After breakfast, Roberto is back with the van and we're whisked away to the Crowne Plaza where we're meeting the competitors and holding their information session. Baristas from all across Nicaragua are here. Twenty-two of them.

Cleofas leading the barista session.

You know, the more that I judge outside of America, the more I enjoy it. As Cleofas Arreola leads their session, I watch their faces. These baristas make roughly US$140 per month, which is a decent wage here in Nicaragua. But I see in them an openness and eagerness that so readily gets lost in the hyper-competitiveness of the United States Barista Championship. I'm eager to see them in action on Friday.

Lunch brings us to the local mall, the Galleria Santo Domingo, where the competition will be held. In the mall, we run into Lorenzo of La Marzocco who's in town at the end of his La Marzocco Central American Goodwill Tour. He joins us for lunch and is off back to Milan in the morning.

Our host, Julio Peralta takes us to RostiPollos, a local chain specializing in rotisserie chicken. It's a de facto feast. After a really good amuse bouche of tortilla chips and pickled onions, we order some salads. I go for the Ensalada Tricolor con pollo. It's garnished with dry chicken breast, tomato wedges and is actually not bad. Brent goes for the mixed salad and Martha with the chicken caesar.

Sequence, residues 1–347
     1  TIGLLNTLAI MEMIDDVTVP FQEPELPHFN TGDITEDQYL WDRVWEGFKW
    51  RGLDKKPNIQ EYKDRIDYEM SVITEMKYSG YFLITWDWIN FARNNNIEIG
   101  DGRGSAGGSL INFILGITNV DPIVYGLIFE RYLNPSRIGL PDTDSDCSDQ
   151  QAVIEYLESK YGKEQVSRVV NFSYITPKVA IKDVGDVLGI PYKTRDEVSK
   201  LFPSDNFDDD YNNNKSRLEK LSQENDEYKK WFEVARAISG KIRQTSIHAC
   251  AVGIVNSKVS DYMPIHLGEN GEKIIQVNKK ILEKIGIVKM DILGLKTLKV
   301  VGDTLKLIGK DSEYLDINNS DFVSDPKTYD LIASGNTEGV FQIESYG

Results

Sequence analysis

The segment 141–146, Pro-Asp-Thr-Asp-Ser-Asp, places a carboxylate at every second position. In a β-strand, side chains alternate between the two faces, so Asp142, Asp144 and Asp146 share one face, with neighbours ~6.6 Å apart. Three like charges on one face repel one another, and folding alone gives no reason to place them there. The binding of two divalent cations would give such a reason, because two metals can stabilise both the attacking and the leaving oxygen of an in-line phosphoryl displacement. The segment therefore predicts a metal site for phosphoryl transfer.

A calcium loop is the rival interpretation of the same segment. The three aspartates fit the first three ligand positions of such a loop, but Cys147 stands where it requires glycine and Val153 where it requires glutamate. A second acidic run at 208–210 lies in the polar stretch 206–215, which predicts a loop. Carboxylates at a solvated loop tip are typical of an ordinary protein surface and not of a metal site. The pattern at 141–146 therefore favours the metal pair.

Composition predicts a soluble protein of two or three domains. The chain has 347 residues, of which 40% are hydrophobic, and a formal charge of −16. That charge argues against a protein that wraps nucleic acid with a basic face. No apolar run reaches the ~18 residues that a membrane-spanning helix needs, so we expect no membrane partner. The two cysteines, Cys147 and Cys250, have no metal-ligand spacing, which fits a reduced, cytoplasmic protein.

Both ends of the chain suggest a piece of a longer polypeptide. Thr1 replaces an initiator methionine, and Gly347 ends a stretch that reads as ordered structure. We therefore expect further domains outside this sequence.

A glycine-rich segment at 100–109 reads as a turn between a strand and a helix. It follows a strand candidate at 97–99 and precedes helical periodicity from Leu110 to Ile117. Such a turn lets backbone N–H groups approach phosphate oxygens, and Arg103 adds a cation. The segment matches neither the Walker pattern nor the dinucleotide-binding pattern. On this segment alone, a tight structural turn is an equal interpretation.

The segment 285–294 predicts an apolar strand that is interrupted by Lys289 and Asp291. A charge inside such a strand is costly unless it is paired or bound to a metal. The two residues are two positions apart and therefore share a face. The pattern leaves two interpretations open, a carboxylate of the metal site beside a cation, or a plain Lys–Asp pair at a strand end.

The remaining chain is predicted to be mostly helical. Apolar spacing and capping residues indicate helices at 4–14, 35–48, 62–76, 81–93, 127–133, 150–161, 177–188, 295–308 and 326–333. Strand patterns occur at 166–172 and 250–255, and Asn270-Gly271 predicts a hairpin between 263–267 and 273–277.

Julio, Rouki and Brent at RostiPollos.

For our main meal, Julio orders up two Super 4 combos: whole rotisserie chicken, a big bowl of refried beans, three rolled and fried tacos (like flautas), fried cheese and a stack of corn tortillas.

The tortillas are thick and weigh a ton. One is gonna be more than enough. They're thick and dense but I'm not getting a massive corn flavor like the ones I sampled in Mexico City. The refried beans were something else. I'd never tasted any bean quite like this. Fried and mashed into a thick puree, the beans had a distinct sweetness and tasted slightly spiced. Brent noted that it tasted like butternut squash, I thought it reminiscent of spicy pumpkin pie.

Our RostiChickens.

After this mornings' taste of fried cheese tiles, the fried cheese at RostiPollos was actually pretty darn good. Salty cheese cut in cubes and deep fried. Why this isn't popular in America is beyond me. With a tall glass of Coke, I could tear this dish up. The taco/flauta was pretty good. Thick, crunchy tortilla wrapped around shredded chicken and topped with a kind of cole slaw. Tasty.

But with a name like RostiPollos, one would expect the chicken to be the specialty. Indeed, there's a wood fired rotisserie oven churning out chickens and while the leg and thigh pieces are properly cooked, I found the breast to be on the dry side of moist. You know how dried chicken breast dries out the mouth when you eat it? It wasn't that bad but there was some drying action. Better to stick with the dark meat, 'cause that was pretty good.